OutDoor Show : children as the new relevant target group in the outdoor sector
Everyone is talking about growth potential in the outdoor sector: New activewear collections and athleisure labels are increasingly joining together with modern, high-tech equipment and devices. Now, a new target group is coming into focus: children. Actually, kids are the “true outdoor people”, so long as parents regulate their screen time enough.
The 24th OutDoor Show will take place in Friedrichshafen from 18-21 June 2017. Here, the talk is no longer of children as a niche segment, but as an “important constant and an elementary component” of the trade fair. The fair draws exhibitors from 40 countries and offers over 85,000 m2 of exhibition space divided across eleven halls.
The outdoor industry has grown up, explains Klaus Wellmann, managing director for the event organisers. One sign of this is that the market for children’s products has grown significantly in recent years. The adventurers of the first generation now have children or are out and about with their grandchildren. For brands like Vaude, Craghoppers, Elkline, or Jack Wolfskin, this is becoming an important segment within their overall collections.
“Of course, children are a credible target group, children are the true outdoor experts,” says Daniele Grasso, Head of Product Management at Jack Wolfskin. He is not alone in this opinion: “Children are an important target group for the outdoor market. They should not be forgotten,” says Patrick Laquer, Key Account Manager in Germany for Craghoppers.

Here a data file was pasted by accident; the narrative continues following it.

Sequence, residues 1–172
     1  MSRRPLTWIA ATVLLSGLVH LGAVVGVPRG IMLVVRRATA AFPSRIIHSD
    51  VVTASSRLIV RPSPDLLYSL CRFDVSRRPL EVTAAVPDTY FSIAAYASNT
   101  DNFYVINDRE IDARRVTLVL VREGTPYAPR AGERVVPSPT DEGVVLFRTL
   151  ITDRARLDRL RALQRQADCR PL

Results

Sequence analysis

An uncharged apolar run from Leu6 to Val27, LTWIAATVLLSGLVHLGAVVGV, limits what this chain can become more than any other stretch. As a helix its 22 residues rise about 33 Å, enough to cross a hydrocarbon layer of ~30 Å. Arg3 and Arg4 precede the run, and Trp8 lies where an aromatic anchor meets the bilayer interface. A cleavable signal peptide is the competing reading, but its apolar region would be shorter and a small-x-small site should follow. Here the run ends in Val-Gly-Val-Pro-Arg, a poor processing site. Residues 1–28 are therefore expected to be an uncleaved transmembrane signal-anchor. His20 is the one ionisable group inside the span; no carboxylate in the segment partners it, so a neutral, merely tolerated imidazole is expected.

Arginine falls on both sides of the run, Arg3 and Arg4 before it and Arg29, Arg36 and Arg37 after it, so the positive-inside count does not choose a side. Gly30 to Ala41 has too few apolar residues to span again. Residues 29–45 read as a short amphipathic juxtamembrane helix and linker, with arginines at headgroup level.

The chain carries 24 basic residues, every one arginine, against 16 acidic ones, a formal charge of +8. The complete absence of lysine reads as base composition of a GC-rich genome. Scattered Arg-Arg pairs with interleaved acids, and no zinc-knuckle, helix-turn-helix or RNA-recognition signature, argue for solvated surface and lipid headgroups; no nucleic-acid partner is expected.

Like a lot of kidswear producers, Craghoppers works closely with forest playgroups and follows their guidelines. In addition to sun protection, they recommend clothing with tick protection. Laquer speaks of strong double-digit growth in insect-protection clothing. This growth is mainly driven by young families.
In terms of quality, the child’s clothing must be at least as good as that of the adult, since children are often a lot tougher on their clothes than the grown-ups. The functional palette is mostly similar to that of adult clothing, although children’s clothing does have its own special requirements. Clemens Weigand, Country Manager for Germany and Austria for Reima, cites UV protection as a clear focus. That is because children’s delicate skin is particularly vulnerable, with skin cancer later in life often being caused by sunburns during childhood.
In addition to the classic functions such as moisture management, active breathability, water resistance, and wind resistance, the focus is on comfort. Children’s clothing must also be robust and durable, so that the price for parents is reasonable when considered from a longer-term perspective. “Our starting point is a very high quality, which means the clothing can be worn by siblings and retains as high a resale price as possible on the second-hand market,” explains Thomas Weil, marketing manager of the Hamburg-based outdoor supplier Elkline.
While design is still particularly relevant in children’s outdoor fashion, it can look completely different when it comes to children’s equipment. Especially for rucksacks, a “take-down” from adult styles to children’s products works well. Children are thrilled by the miniature versions of mum or dad’s rucksack, says the trade fair organiser.
Images: OutDoor Show